US Secretary of State Antony Blinken on Thursday sought to advance a deal to free Gaza hostages in talks with Israeli moderates as he closed a Middle East tour without securing a pause in fighting.
US officials had tempered expectations that Blinken would achieve a breakthrough during his latest visit to the region since the October 7 attack on Israel, and few expected Prime Minister Benjamin Netanyahu to agree immediately to a Qatari-mediated offer.
Blinken remained upbeat despite Netanyahu's vocal rejection Wednesday of Hamas's demands and his vows to expand the four-month offensive in Gaza, hours after they met.
The top US diplomat held talks in Tel Aviv with Benny Gantz and Gabi Eisenkot, two former military chiefs who joined a unity war cabinet after October 7.
Blinken said he spoke to them about "the hostages and the strong desire that we both have to see them returned to their families, the work that's being done to that end".
He also was to meet privately with families of hostages seized by Hamas on October 7, many of whom have publicly pleaded for a compromise to return the captives.
"The most urgent issue is of course to find ways to bring back the hostages," Gantz told Blinken.
"That being done, many things can be achieved," Gantz said.
Blinken has shuttled around the Middle East on his fifth tour since the war between Israel and Hamas began, and brought to Israel a response via Qatar from Hamas to a hostage deal.
The US secretary of state said he still saw space for negotiations to improve on the deal and secure the hostages' release, with Egypt and Qatar holding a new round of talks Thursday in Cairo with Hamas.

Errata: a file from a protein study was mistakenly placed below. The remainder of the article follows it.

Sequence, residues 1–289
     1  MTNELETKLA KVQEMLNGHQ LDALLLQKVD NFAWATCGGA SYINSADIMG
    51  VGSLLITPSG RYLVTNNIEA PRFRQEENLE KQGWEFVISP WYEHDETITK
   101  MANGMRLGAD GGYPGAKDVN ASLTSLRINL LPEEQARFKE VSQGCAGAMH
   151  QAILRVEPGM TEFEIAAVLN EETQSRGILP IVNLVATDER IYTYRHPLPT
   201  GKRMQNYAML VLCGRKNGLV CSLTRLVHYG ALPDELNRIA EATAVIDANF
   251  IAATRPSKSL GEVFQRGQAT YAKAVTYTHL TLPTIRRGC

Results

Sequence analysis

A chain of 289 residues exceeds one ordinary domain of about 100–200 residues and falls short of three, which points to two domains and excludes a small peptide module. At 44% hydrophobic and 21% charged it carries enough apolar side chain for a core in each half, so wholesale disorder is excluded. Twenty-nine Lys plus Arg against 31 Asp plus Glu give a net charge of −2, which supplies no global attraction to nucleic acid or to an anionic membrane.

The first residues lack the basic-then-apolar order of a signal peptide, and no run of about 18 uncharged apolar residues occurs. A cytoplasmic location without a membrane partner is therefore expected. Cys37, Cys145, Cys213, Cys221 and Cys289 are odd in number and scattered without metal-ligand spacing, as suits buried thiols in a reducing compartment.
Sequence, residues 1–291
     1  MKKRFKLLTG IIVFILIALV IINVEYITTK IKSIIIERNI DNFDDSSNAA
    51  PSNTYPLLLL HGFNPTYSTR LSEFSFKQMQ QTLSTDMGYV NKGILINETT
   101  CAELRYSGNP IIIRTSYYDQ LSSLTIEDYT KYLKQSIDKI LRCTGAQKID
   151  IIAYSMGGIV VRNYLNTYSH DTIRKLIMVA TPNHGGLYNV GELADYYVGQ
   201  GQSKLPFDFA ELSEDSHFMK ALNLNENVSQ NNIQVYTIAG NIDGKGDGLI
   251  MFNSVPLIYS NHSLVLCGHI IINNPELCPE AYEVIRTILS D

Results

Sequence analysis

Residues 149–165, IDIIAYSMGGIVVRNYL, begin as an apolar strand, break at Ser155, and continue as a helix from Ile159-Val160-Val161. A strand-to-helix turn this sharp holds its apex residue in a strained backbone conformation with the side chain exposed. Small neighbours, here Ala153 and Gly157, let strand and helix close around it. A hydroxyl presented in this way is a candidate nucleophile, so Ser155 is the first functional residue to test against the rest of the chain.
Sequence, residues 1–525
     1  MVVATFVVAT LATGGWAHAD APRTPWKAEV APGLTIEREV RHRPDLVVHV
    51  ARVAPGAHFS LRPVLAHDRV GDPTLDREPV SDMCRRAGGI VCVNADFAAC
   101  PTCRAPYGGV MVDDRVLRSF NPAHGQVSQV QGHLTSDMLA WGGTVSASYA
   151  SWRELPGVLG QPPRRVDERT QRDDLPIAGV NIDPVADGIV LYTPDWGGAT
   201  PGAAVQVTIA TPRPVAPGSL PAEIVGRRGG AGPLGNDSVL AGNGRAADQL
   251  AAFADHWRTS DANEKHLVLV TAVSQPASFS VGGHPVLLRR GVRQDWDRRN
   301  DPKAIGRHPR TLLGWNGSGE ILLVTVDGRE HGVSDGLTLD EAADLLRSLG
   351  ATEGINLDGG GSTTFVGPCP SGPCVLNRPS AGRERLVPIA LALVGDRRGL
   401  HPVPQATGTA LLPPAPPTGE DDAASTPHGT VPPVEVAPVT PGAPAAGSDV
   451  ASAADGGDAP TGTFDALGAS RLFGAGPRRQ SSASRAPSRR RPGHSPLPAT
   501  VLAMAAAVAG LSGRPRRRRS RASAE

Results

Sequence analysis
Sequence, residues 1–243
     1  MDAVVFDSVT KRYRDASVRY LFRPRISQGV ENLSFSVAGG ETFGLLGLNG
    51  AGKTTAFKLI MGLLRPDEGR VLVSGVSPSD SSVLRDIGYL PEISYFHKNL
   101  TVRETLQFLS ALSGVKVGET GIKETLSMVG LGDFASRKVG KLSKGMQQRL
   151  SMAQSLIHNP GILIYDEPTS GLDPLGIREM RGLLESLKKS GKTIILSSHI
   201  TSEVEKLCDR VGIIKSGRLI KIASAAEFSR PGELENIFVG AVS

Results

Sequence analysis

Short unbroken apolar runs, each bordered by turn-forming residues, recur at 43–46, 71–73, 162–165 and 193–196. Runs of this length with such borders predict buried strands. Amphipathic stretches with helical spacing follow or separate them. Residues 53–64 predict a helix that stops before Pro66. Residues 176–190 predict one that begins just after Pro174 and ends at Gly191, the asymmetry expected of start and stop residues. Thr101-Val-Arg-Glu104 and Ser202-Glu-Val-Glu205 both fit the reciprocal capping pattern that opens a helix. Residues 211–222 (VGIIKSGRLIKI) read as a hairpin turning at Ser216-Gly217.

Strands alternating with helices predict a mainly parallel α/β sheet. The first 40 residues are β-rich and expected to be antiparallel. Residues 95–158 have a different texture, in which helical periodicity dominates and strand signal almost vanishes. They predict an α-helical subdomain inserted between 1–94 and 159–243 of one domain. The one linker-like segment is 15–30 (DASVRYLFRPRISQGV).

Blinken also met Thursday with Israel's main opposition leader, Yair Lapid.
"It's good to see how committed this group is to the hostages, to solving the situation, to figure out ways to promote peace," the centrist former prime minister said, referring to efforts by Blinken and US officials.
Lapid drew an implicit contrast with Netanyahu who has resisted pressure from hostages' families to prioritise their release and instead vowed a relentless military campaign.
"The whole Israeli society is determined to bring back the hostages and to eradicate Hamas. Those are not conflicting goals and we will not give up either," Lapid wrote on X, formerly known as Twitter.
Gantz, in a separate X post, said he spoke to Blinken about bringing in an "international actor" that can deliver aid into Gaza away without diversion to Hamas.
"The continued delivery of humanitarian aid cynically intercepted by Hamas enables them to continue governing, harms the civilians of Gaza and only prolongs the suffering and fighting," Gantz wrote.
Blinken has pressed Israel to let more assistance to Gaza, where the United Nations has voiced fears of famine and most buildings lie in rubble, but Israel has cited security concerns for strict limits on entry into the blockaded territory.
In a plea at a news conference on Wednesday, Blinken said Israel should not "dehumanise" Palestinians in the way Hamas did to Israelis on October 7.
"The overwhelming majority of people in Gaza had nothing to do with the attacks of October 7, and the families in Gaza whose survival depends on deliveries of aid from Israel are just like our families," Blinken said.
Hamas militants on October 7 killed about 1,160 people, mostly civilians, according to an AFP tally based on official Israeli figures.
Israel's military response has killed at least 27,840 people in Gaza, mostly women and children, according to the health ministry in the Hamas-run territory.
Militants also seized around 250 hostages on October 7. Israel says 132 remain in Gaza, of whom 29 are believed to have died.